Professional Field Guide Southern Africa – Sebastian
Sebastian spent one year in Southern Africa's incredible wilderness to become a Professional Field Guide. In his review he reveals more about his adventure.
Project: Professional Field Guide in Africa
Locations: South Africa and Botswana
Duration: Beginning of February until end of December 2019 – 12 months
Support from the Natucate-Team:
Professional Field Guide – Feedback: Eight questions for Sebastian
1) Could you give us a short overview of your activities in the course?
During the course we were trained as Professional Field Guides, both theoretically and practically. The topics include flora and fauna, weather, astronomy, ecology, navigation, tracking, ornithology and much more. For this purpose we were stationed in 5 training camps, all of which were very different in terms of their ecosystems. The instructors were very experienced guides from the industry. The training was followed by a six-month internship in a lodge or research project where we could apply our knowledge in practice. I completed this internship in a safari lodge in Balule, where I was able to show and explain the wonderful animal world of Africa to guests from all over the world. In addition to guiding, I was also responsible for hosting the guests, the initial briefing and guest transfers. In this way one could "smell" into all areas of a lodge.
2) What were the biggest challenges for you during the course?
- To pass the Advanced Rifle Handling exam if you have never shot with a large caliber rifle before.
- To learn more than 100 birdcalls – it is often helpful to make a mnemonic for each bird call in order to memorize it better
- During the course there not a lot of privacy. Be prepared for this.
3) Was there anything you liked in particular? Or something you remember particularly negatively?
I particularly enjoyed the Trails Guide course during which we walked through the bush twice a day to complete our training as Apprentice Trails Guides. Highlight was the Wilderness Trail with Bruce Lawson in Makuleke. We spent three days completely in the wilderness including overnight stays, water and food search, night watch etc. – all in the bush.
I didn’t really enjoy the transfers from and to the camps, as the bus was always too small for the number of students plus luggage and we had to sit very cramped together for many hours.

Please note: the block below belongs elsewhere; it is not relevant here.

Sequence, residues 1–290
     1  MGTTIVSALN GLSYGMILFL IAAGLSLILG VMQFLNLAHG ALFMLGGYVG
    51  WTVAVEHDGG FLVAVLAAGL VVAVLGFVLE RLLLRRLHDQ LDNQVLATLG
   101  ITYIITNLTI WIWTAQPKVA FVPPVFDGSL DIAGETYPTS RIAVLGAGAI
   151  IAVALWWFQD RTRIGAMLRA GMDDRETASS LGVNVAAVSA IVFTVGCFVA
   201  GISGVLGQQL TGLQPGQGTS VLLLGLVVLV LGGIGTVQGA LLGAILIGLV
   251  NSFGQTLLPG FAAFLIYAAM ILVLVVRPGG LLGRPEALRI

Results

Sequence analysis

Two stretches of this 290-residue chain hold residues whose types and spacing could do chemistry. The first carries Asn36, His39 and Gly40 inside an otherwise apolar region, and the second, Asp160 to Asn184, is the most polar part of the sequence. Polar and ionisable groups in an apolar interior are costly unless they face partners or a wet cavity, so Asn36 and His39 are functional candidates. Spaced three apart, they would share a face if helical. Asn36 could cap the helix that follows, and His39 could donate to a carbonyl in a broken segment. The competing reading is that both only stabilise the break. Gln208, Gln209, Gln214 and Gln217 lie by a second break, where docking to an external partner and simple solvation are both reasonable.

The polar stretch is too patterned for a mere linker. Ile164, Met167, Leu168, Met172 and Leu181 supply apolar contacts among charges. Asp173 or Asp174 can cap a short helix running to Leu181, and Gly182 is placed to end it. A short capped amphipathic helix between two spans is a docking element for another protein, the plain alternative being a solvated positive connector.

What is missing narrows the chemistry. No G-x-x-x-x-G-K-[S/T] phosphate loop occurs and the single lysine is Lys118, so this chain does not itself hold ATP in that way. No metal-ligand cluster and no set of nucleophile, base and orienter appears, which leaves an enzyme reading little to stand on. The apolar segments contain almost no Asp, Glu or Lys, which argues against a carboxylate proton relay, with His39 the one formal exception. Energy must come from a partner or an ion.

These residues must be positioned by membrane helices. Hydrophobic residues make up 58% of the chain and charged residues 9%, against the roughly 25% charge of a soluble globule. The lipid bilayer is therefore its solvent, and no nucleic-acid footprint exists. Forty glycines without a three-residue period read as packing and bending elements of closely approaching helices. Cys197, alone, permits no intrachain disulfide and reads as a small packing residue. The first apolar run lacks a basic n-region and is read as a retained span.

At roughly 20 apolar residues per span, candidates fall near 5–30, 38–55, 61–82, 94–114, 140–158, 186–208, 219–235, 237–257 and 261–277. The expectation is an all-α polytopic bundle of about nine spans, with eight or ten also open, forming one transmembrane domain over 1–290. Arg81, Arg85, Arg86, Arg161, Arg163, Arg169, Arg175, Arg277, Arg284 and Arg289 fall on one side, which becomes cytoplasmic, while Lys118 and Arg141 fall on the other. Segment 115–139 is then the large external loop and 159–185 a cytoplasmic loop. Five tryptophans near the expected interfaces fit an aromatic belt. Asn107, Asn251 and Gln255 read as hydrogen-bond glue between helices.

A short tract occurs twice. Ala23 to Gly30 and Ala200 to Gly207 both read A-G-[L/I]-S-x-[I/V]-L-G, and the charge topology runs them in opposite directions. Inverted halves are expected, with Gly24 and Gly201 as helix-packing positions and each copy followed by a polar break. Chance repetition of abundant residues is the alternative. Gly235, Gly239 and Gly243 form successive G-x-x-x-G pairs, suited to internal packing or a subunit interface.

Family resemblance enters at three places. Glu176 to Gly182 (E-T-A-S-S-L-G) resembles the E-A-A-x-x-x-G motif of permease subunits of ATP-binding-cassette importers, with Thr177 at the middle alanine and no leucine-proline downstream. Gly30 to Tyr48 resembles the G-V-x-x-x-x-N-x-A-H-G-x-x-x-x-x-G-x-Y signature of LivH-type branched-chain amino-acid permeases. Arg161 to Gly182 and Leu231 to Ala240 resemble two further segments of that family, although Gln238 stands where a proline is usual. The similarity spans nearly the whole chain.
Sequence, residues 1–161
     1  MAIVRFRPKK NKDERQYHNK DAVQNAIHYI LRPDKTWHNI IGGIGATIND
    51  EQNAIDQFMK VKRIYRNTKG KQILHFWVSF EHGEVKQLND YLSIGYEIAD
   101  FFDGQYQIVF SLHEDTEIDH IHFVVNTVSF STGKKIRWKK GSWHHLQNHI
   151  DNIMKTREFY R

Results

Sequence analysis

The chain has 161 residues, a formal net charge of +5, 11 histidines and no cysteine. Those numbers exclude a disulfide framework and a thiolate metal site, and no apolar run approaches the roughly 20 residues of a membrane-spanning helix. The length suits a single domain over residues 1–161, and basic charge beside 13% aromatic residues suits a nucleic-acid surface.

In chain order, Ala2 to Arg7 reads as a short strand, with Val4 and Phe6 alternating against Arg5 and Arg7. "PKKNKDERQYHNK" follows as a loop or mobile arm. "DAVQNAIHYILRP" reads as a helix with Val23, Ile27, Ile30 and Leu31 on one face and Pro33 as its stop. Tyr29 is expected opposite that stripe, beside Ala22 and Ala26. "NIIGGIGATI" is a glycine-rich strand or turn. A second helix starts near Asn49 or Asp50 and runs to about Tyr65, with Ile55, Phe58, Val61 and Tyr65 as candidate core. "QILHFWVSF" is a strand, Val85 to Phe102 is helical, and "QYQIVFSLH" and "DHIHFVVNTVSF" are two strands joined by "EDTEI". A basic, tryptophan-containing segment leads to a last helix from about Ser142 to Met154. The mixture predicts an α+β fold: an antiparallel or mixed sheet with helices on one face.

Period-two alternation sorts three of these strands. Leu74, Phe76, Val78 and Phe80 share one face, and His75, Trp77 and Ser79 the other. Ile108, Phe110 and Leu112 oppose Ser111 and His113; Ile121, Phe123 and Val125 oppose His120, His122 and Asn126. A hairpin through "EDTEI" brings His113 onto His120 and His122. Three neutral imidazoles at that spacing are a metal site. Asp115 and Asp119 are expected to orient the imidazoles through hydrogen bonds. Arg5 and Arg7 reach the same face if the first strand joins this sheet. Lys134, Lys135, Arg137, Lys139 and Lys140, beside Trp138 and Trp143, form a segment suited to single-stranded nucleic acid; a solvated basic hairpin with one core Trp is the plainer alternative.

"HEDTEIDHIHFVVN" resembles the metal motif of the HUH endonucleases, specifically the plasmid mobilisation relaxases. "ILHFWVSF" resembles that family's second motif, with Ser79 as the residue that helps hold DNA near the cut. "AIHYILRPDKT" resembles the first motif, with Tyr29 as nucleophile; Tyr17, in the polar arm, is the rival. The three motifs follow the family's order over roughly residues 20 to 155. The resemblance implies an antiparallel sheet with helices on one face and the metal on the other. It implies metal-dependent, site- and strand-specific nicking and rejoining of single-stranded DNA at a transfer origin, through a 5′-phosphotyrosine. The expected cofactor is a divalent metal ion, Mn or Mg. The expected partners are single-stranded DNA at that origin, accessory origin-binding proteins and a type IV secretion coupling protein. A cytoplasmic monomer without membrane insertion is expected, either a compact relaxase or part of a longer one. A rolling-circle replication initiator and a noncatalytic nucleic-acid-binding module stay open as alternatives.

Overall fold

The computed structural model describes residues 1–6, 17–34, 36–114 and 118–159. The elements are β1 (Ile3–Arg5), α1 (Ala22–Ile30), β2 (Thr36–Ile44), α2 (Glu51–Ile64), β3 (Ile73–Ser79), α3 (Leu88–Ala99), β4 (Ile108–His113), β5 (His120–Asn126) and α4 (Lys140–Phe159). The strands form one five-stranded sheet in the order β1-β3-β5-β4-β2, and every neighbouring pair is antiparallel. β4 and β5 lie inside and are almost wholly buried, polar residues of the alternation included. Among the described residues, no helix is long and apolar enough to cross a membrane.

4) Did you have certain expectations before you travelled to the course?
My expectations were completely fulfilled. What I had hoped for from the course – living in and in harmony with nature for a year and taking lots of photos – I was able to enjoy to the fullest. I learned a lot about the interrelationships in the bush, got to know interesting people and gained a lot of practical experience. Thanks to the good advice from Natucate in the run-up to the event, I am sure that I was well prepared for all challenges and always knew what to expect.
5) Have you done anything in your free time that you can recommend to future participants?
I also went on safari in my off-time, mainly to get to know other game reserves and to take great photos. I often visited the private reserves of Manyeleti, Timbavati, Klaserie and Thornybush as well as Kruger National Park, but I also took my time to explore the Panorama Route including the Blyde River Canyon. I also spent a lot of time in the Hoedspruit Wildlife Estate with Bush Walks.
6) What recommendations would you give to other participants?
- Take a look at the plants and animals at home before the course and read all about them. There is not much time for this during the course.
- Always fill out your workbook right after the lesson. Otherwise it is difficult to make up for any backlog.
- Be open to new people and new cultures and also be willing to compromise when it comes to living together with other people.
- If you are into sports, take some time for that little workout in between.
- Use your off-times to explore the country. Travel all parts of South Africa that interest you most.
7) Can you estimate how many additional costs you had on site?
I personally did not have many expenses on site, as I liked the borehole water and I do not like to drink beer, soft drinks and co. Other students, on the other hand, had a rather high bill. So it always depends on personal preference... The laundry is free of charge as a one-year participant.
8) Here is still space for other suggestions or reports from you:
Give yourself a break and go bush for a year like me. What you learn and experience is priceless – a "life-changing experience"! Even if you don't want to work as a safari guide afterwards, you will learn a lot for life, leave your comfort zone for a while, and broaden your horizon. Especially in times of global warming and extinction of species it is important to find back to nature, to recognize the connections between all living beings and to develop the awareness to protect nature. For the wilderness is deeply rooted in us humans. And in the bush, you learn to listen more to her inner voice...
I have summarized my experiences in the bush in a blog:
Photos, videos and more can be found at www.facebook.com/sebastianhomuthphotography
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